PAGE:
Archives For Brandon Barnes

A new era of Atlanta Hawks basketball began on Saturday night in Dallas. The Kyle Korver-less Hawks took on the Dallas Mavericks in a battle of two teams constantly in the middle of trade rumors. After a mostly pac-and-forth affair, the Hawks made it six wins in a row as they outran the Mavericks in the fourth quarter 97-82.

Much like the North Texas weather, were icy cold from the field. The Hawks had trouble with Harrison Barnes and Devin Harris in the first half, but managed to keep it close during a strong Mavs run. When the starters were inserted back into the lineup near the end of the 2nd quarter, the Hawks gathered some steam and went into halftime with a solid lead.

At one point in the 2nd quarter, two straight Mavs possessions ended in Deron Williams backing down Dennis Schroder in the post. Dennis the Menace flopped both times, resulting in an embarrassing, laughing-at-himself no call, and then a charge on the second. Dennis must be preparing for the Golden Globes this weekend.

The Hawks exploded offensively in the fourth period as they relied on their leader, Paul Millsap. He attacked the Mavs relentlessly and scored ten points in the frame, six of them coming from the foul line.

Hack-a-Dwight returned halfway through the 4th quarter as Rick Carlisle searched for answers. However, Dwight was the victor from the line in this ball game. In total, he shot seven of nine from the charity stripe and four of six during the Hack-a-Dwight period. After failing to make up any serious ground, the Mavs essentially conceded the game by inserting in their reserves with about three minutes remaining, which led us to the 97-82 final score.

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The arraignment for Hawks forward Mike Scott has been set for July 12th, according to the Banks County District Attorney’s Office.

According to an Atlanta Journal-Constitution report, Scott was arrested on July 30th of last year for two felony counts of drug possession after a traffic stop. Officers found 35.2 grams of marijuana and 10.9 grams of MDMA. Scott accepted responsibility for the crime and took the fall for his brother, who was also arrested. Banks County formally filed a notice of accusation against Mike Scott in early June.

It will be interesting to see how Atlanta Hawks management approaches this situation. The arraignment takes place after the start of free agency and the $3.3 million team-option deadline on July 10th. His contract for 2016-2017 becomes guaranteed after that day, per Bobby Marks of The Vertical, but the Hawks may choose to move on if they don’t view him as a valuable asset in the last year of his deal.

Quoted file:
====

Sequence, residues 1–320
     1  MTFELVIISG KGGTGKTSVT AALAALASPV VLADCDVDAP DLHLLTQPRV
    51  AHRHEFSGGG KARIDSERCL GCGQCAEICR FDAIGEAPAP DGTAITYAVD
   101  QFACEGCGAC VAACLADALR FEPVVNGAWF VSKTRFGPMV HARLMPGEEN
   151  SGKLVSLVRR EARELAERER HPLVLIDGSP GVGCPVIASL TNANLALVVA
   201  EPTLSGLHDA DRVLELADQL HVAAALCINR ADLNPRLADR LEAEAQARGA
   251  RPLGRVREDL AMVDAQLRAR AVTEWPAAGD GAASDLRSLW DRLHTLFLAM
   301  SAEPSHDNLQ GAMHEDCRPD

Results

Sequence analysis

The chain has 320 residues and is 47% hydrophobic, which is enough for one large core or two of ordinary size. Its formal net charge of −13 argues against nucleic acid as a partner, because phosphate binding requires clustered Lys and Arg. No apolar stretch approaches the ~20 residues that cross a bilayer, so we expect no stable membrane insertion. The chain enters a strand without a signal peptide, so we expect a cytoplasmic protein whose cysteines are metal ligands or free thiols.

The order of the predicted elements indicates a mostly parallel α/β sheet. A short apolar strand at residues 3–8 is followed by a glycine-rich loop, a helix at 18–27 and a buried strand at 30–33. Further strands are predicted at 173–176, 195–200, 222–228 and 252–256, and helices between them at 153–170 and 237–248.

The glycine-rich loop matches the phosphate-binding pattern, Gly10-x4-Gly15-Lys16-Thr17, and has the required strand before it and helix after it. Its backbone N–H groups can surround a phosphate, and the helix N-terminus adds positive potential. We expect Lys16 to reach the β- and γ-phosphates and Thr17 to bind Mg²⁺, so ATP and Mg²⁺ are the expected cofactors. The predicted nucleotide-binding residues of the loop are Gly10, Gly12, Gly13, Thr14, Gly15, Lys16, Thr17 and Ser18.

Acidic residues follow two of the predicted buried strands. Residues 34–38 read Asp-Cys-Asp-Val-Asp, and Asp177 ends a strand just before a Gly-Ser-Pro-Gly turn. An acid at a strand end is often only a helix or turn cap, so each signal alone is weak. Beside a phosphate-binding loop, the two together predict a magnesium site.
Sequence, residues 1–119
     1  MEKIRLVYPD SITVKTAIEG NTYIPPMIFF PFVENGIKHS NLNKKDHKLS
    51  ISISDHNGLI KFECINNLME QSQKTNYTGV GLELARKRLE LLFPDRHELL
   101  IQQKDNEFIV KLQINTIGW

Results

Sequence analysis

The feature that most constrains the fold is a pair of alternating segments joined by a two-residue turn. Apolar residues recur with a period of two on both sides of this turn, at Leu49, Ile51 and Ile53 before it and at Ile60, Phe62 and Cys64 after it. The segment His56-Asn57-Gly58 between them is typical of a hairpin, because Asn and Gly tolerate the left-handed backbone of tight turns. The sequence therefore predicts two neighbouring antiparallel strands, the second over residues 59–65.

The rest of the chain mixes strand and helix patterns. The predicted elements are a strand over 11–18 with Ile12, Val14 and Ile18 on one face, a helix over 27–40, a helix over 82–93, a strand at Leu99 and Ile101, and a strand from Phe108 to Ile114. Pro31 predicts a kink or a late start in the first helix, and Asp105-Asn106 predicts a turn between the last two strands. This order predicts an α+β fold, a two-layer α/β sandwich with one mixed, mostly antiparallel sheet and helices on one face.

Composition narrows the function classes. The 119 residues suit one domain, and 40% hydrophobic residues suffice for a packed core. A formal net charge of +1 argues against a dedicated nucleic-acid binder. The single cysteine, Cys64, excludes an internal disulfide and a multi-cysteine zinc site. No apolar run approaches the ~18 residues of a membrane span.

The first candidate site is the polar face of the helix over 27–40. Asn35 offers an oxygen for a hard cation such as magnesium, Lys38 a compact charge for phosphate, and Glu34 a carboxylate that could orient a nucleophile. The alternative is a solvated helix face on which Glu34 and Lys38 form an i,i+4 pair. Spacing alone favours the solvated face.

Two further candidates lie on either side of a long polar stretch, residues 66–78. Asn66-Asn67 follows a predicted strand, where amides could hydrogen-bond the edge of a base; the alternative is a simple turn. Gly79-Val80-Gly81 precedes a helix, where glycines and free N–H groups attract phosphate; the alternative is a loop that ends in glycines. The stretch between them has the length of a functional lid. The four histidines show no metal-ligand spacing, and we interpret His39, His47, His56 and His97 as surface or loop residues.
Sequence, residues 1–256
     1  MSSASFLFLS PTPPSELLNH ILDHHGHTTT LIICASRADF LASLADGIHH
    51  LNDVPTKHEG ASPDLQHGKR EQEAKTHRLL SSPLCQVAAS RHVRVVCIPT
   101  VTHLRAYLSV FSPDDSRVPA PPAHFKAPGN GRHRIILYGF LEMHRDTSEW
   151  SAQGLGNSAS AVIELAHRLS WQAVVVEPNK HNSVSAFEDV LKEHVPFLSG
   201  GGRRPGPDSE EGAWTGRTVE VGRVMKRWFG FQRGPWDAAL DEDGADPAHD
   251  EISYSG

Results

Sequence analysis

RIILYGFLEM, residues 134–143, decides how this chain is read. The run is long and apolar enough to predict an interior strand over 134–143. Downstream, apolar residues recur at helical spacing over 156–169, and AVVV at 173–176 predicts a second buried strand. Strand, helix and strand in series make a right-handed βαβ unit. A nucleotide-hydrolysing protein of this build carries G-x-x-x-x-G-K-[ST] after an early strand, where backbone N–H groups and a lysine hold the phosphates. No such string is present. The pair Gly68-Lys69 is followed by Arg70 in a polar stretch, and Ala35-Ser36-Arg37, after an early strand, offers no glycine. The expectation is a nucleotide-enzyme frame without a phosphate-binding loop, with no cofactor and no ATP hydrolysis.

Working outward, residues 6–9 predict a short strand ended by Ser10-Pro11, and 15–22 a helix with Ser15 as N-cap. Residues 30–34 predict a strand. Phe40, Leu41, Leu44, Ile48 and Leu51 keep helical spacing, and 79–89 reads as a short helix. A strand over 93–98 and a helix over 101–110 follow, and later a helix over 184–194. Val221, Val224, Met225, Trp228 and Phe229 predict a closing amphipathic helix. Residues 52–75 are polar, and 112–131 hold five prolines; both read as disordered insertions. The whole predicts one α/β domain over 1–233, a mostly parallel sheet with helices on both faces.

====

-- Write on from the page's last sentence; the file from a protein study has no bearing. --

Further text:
Drafted in the 2nd round by the Hawks in 2012 NBA Draft, Mike Scott averaged 6.2 points, 2.7 boards, and one assist per game last season while shooting at a career-high 39.2% clip from three. He turns 28 on July 16th.

More updates to come when they are made available.

 

Ball movement. Playmaking. Teamwork.

These terms have been attributed to the modern-day Atlanta Hawks since the arrival of Coach Mike Budenholzer from San Antonio in 2013. Prior to the revolution, the Hawks had struggled to make it out of NBA purgatory, as a middle-tier team that relied far too heavily on isolation play and inconsistent stars.

Things have changed in Atlanta and it’s evident that the coaching staff is on the look-out for young players to come in and play their style of basketball. No example is more obvious than Hawks rookie Lamar Patterson.

Coming out of Pittsburgh as a senior in 2014, Patterson struggled to gain a ton of traction as a legitimate NBA prospect. In fact, after the Hawks drafted Walter Tavares in the 2nd Round, he wasn’t sure he’d be drafted at all. Luckily for both Lamar and the team that selected him, the Hawks gave up a 2015 2nd rounder to Milwaukee for the 48th overall pick in the 2014 draft and selected the 6’5 swingman from Lancaster, PA. Continue Reading…

In a game full of back-and-forth scoring, rough shooting and the return of ZAZILLA, the Hawks notched back-to-back wins for the first time this season as they made a late push to put away the Dallas Mavericks 98-95.